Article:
Bridging cultural and social divides within the EU

Sitting in a Vilnius café in one of the “new Eastern European” member countries Angie described, long after he’s left the night club she dances in, Schalekamp reflected on the difference he’s seen in the Baltics, “In Lithuania, Latvia and Estonia, they are far more happier with the European Union. For them, they come from being imprisoned and being part of the European family means freedom, human right are respected. Being European means the freedom to travel, to work, etcetera. That is new for them. For us these are almost given facts, we [Western Europeans] are spoiled of course.”

Schalekamp said he hopes to bridge the gap between East and West, “The European Union is doing a really bad job of selling itself or communicating. They are not interested in social cohesion and I know this for a fact as there is no European money, no funding for projects that stimulate cohesion.”

“Lithuania is a bit schizophrenic as a country”

One of Schalekamp’s portrait subjects, 24 year-old filmmaker Romas Zabarauskas, was chosen to represent an artist in Vilnius. After his meeting with Schalekamp he voiced enthusiasm for Schalekamp’s mission, “I think it’s a great idea and of course the European Union has an identity crisis so these projects are trying to answer these difficult questions about how to feel more solidarity and unity.”

Zabarauskas is well known in Vilnius for his films and as Lithuania’s default spokesperson for the lesbian, gay, bisexual and transgender (LGBT) community. “I don’t consider myself to be an activist but it is rare here to be that open so I became a public speaker for LGBT rights in Lithuania.”

The topic of human rights is what most attracts Zabarauskas to a European identity. He hopes that the ideals voiced by Schalekamp’s earlier interview with Madrid’s Alvarez will become internalized in Lithuania’s identity as a result of the country’s membership in the European Union.

Zabarauskas frets that, ironically, the opportunity for progressive change passed when the nation became a member state.

“Lithuania is a bit schizophrenic as a country. We certainly don’t want to be under Russian influence so we want to be in the EU and profit from open borders. The paradox that I told Mark Schalekamp about is that before being accepted into the EU we were more polite and diplomatic. After we got into the EU, the European [values] integration was finished. Now politicians are using homophobia and sexism to get votes. In some ways things got worse after joining the European Union,” said Zabarauskas.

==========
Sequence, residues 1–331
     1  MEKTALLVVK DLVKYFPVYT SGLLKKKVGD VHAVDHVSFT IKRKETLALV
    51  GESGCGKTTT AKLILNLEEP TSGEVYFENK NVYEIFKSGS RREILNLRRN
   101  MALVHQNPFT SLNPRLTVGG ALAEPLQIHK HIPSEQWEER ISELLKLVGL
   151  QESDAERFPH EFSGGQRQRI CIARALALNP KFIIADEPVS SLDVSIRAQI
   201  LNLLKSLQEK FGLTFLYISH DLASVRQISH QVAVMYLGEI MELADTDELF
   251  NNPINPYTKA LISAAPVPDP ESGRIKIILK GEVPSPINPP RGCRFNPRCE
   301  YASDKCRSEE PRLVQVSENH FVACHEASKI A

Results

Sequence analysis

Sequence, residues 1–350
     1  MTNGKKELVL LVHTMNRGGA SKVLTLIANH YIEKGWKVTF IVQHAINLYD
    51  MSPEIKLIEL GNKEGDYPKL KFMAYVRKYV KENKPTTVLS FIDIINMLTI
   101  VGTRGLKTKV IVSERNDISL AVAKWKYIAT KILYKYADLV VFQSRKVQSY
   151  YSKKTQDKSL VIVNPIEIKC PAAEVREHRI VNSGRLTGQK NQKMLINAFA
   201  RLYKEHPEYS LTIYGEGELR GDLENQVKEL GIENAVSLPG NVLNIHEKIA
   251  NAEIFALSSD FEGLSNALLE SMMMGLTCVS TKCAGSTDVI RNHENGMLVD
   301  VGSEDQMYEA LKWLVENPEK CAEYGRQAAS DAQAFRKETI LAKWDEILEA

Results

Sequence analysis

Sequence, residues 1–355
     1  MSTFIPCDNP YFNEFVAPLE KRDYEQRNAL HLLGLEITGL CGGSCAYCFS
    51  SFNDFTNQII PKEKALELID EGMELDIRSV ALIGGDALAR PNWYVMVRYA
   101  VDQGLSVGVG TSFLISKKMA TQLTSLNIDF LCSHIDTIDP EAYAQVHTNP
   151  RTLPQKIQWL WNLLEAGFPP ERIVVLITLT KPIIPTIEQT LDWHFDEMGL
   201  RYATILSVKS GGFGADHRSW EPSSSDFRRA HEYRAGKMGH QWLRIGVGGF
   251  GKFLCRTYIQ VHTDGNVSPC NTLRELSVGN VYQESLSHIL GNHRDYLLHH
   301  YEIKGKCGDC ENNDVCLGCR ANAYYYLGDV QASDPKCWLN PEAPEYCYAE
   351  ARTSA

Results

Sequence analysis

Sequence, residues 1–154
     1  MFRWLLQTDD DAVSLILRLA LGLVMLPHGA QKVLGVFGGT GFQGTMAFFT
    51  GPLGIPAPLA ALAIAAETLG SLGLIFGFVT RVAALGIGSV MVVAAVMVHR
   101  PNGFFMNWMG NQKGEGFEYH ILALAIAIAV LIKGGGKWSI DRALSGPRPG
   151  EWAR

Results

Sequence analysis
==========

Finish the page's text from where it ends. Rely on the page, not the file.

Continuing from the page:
Zabarauskas expressed a yearning to merge his Lithuanian identity with his personal ideals, “Lithuania is the naughty child in the European family and has to grow up. Without that happening I cannot be myself and be in solidarity with Lithuania. Lithuania needs to value human rights to become fully united with the European Union. Of course that is not to say there aren’t problems with Europe, but Europe is the most just society in the world so I think we need to learn from them.”

Zabarauskas said that despite a backlash against LGBT rights in Lithuania, including a recent decision by national television not to air gay pride messages, a protection of minors law, a ban against same sex marriages, and the censoring of a children’s book portraying homosexual love, he won’t be using his passport to move to another EU state.

“I see my future in Lithuania. Making independent films is difficult everywhere, but my future is here. The only disadvantage is how to find the love of your life because it is so small and everyone is scared to be out. My main message is always to come out. If you’ve come out, you’ve already won. That is not just for gay people but for everyone, for progressives, for supporters of LGBT, for feminists. You have to come out. We are who we are.”

Schalekamp’s own interview with Zabarauskas and seven other Vilnius residents will be shared on his website, Youropeans.eu.

Vilnius marks the mid point of Schalekamp’s journey. He arrived a bit tired and ill from his breakneck tour of Europe. He was worried about budgeting his project and a looming book deadline. Despite these discomforts, he describes the Youropean project as his dream job.

Schalekamp is humble and hopeful about the reception of the burgeoning collection of European voices his dream project has created, “I realize I only go to capitals and speak to people who are able to speak English. My population, I know, tends to be younger and educated. I’m not going to draw huge conclusions. That is not my meaning. For me, it is important that people want to read these stories. My project is a social project. I want to see cohesion. I think it is important.”